During which phase of the cell cycle does nuclear DNA replicate?
The first stage of DNA replication is [blank_start]unwinding[blank_end] of DNA, which is aided by the enzyme [blank_start]gyrase[blank_end]. Next, the two strands are [blank_start]unzipped[blank_end], thanks to an enzyme called DNA [blank_start]helicase[blank_end], which breaks the [blank_start]hydrogen[blank_end] bonds holding the bases together. Then, new strands of DNA are synthesised by an enzyme called [blank_start]DNA[blank_end] [blank_start]polymerase[blank_end]. In this stage, free nucleotides are joined to their complementary bases and each other by forming h[blank_start]ydrogen[blank_end] bonds and p[blank_start]hosphodiester[blank_end] bonds. They're added in the [blank_start]5[blank_end]' to [blank_start]3[blank_end]' direction.
DNA replication is said to be s[blank_start]emi[blank_end] c[blank_start]onservative[blank_end].
Which of the following statements is true about mutations?
Mutations arise when there's an error when matching complementary bases.
Mutations occur when there's an evolutionary need for a new adaptation.
Mutations are always harmful to the organism.
Mutations can always be seen in the phenotype of the organism.
The region of a molecule which is complementary to its substrate is called the [blank_start]active[blank_end] [blank_start]site[blank_end].
The sequence of nucleotide bases in DNA dictates the primary structure of proteins.
DNA is read three bases at a time, these are called [blank_start]triplets[blank_end].
DNA is found in nearly all living organisms, so it is [blank_start]universal[blank_end].
There are often several ways of coding for one amino acid, so DNA is [blank_start]degenerate[blank_end].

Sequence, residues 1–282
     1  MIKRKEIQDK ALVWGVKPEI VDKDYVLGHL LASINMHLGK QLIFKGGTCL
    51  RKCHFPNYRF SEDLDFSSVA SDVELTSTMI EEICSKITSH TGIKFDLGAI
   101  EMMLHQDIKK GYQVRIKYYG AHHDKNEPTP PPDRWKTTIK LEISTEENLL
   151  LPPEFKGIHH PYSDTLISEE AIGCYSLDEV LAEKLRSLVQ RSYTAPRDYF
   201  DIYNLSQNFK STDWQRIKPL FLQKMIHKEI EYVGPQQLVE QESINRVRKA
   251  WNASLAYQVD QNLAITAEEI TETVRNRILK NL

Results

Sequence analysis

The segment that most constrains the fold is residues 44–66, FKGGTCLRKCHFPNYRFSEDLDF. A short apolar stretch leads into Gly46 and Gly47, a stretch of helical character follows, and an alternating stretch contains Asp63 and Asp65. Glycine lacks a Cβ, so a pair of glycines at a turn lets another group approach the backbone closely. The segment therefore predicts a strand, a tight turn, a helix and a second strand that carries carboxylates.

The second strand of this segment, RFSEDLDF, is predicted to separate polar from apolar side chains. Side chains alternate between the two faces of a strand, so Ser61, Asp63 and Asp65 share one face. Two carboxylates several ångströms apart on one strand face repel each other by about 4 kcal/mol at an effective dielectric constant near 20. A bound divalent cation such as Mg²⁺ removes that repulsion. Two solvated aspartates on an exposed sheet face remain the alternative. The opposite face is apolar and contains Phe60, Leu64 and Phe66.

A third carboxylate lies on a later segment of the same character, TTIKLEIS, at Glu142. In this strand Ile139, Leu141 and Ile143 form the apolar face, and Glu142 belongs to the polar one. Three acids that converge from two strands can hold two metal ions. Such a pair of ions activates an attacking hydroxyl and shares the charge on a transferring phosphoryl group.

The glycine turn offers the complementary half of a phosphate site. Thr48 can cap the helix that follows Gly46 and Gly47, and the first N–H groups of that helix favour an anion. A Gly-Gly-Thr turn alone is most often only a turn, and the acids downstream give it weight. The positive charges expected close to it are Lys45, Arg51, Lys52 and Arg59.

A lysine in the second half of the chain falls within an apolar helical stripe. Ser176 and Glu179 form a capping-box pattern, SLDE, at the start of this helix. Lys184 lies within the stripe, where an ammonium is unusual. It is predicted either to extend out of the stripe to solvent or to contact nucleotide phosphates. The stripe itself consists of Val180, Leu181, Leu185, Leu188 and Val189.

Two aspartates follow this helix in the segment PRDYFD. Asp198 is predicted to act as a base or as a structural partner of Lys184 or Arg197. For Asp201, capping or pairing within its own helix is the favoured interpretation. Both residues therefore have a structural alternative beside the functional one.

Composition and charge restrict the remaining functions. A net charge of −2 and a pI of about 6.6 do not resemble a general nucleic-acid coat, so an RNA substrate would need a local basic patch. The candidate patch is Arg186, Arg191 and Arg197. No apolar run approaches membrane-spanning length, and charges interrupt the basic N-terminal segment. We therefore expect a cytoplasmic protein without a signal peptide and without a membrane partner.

DNA bases are read one after the other, so it is [blank_start]non-overlapping[blank_end].
stored in nucleosomes
called a codon
[blank_start]Transcription[blank_end] is the process of RNA being created according to a region of DNA (catalysed by [blank_start]RNA[blank_end] [blank_start]polymerase[blank_end]), whereas [blank_start]translation[blank_end] is the process of joining amino acids together according to the sequence of bases on a strand of RNA.
RNA is double-stranded.
rRNA stands for [blank_start]ribosomal[blank_end] RNA, while tRNA stands for [blank_start]transfer[blank_end] RNA. Both are formed in the [blank_start]nucleus[blank_end] and exit through nuclear [blank_start]pores[blank_end], but rRNA is s[blank_start]tructural[blank_end] and tRNA is f[blank_start]unctional[blank_end].
Three bases on an mRNA molecule require a specific [blank_start]amino acid[blank_end]. The [blank_start]anticodon[blank_end] on a tRNA molecule is matched to a [blank_start]triplet[blank_end] on an mRNA molecule. Also, tRNA molecules with a specific [blank_start]anticodon[blank_end] will have a specific [blank_start]amino acid attachment site[blank_end], and therefore binds a specific [blank_start]amino acid[blank_end].